Except for the occasional snarls during the Jefferson County fair or tie-ups when people enter and exit Jefferson Community College, traffic issues on the Coffeen Street hill area are rather tame. But in 1894, a mysterious man was responsible for terrorizing people traveling the area.
On Aug. 20, 1894, the Watertown Daily Times reported there was a “maniac” on the loose around the hill on Coffeen Street. He ran around naked, with “limbs white as marble,” and threw stones. He “is always evidencing his lunacy by queer actions,” the paper reported.
The man was first reported by Del Smith, “the well-known hackman” and Will Graham, who were returning from a fishing expedition. They thought they saw a naked body of a man. They stopped at “the Butterfield residence,” changed horses and returned to where they saw the “body.” It was there that they met another horse and buggy driving up the hill. Its driver, J. F. Kimball, reported the box of his wagon was damaged by a large, thrown stone just a while back. Mr. Kimball thought “a spring must have broken” when he heard the crash.
Later, from the home of “Mr. and Mrs. Rice,” putting the two incidents together, a search party for the man was organized.
“They found in the thick dust of the road the prints of a man’s naked feet, going both ways, the last track covering that of Mr. Kimball’s wheels, showing that the stone thrower had gone down the hill after the attack,” The Times reported.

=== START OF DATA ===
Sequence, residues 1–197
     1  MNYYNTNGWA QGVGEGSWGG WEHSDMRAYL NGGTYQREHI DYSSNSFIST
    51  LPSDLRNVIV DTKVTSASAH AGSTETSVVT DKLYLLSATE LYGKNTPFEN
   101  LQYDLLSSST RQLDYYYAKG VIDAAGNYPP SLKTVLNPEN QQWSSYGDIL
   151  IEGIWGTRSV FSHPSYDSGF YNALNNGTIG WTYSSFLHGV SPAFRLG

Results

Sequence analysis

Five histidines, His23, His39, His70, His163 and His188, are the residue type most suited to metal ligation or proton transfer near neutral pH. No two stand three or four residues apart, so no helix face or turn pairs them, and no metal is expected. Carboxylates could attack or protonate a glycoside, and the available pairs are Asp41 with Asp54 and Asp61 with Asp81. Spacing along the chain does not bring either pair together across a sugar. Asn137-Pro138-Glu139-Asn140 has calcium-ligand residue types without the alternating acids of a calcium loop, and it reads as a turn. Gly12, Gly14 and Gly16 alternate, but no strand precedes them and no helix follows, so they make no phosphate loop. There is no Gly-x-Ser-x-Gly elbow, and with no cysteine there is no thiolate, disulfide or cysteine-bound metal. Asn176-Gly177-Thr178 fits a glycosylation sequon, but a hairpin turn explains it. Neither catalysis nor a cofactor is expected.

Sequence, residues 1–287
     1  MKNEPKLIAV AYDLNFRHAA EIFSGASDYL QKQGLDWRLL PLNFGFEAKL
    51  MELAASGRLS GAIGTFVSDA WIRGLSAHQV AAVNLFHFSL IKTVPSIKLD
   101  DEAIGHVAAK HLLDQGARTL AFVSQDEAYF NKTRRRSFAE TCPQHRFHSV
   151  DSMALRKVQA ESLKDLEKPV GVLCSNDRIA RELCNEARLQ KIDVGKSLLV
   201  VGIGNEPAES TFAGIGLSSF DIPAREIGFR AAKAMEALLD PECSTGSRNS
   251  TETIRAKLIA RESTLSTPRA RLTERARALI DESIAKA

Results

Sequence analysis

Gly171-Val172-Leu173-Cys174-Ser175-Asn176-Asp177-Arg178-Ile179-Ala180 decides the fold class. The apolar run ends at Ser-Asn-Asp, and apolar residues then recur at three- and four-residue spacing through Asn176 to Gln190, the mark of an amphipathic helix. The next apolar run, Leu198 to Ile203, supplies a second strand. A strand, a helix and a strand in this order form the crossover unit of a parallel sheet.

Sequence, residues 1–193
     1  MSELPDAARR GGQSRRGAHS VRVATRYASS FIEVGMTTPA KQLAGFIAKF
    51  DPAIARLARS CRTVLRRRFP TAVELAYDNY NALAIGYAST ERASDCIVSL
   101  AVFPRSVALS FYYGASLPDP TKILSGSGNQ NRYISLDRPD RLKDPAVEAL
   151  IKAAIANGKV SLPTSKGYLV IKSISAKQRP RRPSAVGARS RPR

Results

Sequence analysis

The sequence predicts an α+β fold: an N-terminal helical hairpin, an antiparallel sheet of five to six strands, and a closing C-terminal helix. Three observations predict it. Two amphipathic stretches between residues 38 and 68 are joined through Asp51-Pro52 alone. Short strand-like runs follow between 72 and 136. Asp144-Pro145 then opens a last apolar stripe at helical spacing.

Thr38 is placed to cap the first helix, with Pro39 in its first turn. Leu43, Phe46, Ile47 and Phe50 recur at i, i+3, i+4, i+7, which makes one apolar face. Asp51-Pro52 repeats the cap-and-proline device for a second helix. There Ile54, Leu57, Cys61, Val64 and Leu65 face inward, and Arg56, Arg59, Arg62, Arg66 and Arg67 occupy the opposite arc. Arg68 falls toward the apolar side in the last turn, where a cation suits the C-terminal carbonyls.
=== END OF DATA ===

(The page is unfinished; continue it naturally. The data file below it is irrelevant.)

During the search, Mr. Butterfield’s dog began to bark furiously in a pasture near barns.
“Next there was a howl and the dog came limping in, evidently terrified, and, finding a place of shelter, could not be persuaded to come out.”
The search was given up and the police were later informed. It was thought the incident “would remain a mystery” and “that would be all that would be heard of it.”
But another attack was reported the next day, with another wagon box damaged by heavy stones. Shortly after, as the driver and passenger witnessed “a male figure in white dash over the fence into the field and disappear,” another carriage came up and reported a similar attack. That stone injured the driver and his young female passenger, “showing the maniac’s aim was improving.”
People began patrolling the area with guns. The Times assigned a reporter to the story, “writing his notes by the light of a cigarette, with a rock for a table and the cow pasture for his work room.”
The reporter was on the scene when the mysterious man and suspect came face-to-face with a Mr. Miller. “The madman grabbed him in a maniacal clutch and buried his knee on Miller’s breast and clutched his throat in a panther-like grasp.”
“The fleet-footed culprit was soon lost in the bushes.”
The search continued, but with no luck.
“The residents of the locality infested by the lunatic are thoroughly excited and will soon start a systematic search. Children are not allowed to go out of sight of their mothers and a strict watch is kept for signs of the madman.”
“The description of the lunatic, in a way, tallies with that of John Quirk, who escaped from a swiftly running train by jumping through a window at Rices Station on April 16,” the Times reported.
The man, the paper said, was thought to sleep in a shanty and enjoyed wallowing on the ground.
A suspect was found. “The crowd immediately gave chase and soon caught up with him. Although he could not give a good account of himself, he was not the man wanted and was allowed to go.”
More “systematic” searches began.
“Meanwhile, the mystery deepens and the lunatic is free to break buggies and perhaps commit more dangerous crimes,” the Times reported.
Not much more was reported on the situation. But the Times did later refer to a “fire alarm whistle” in the area that may have scared the person off, perhaps for good.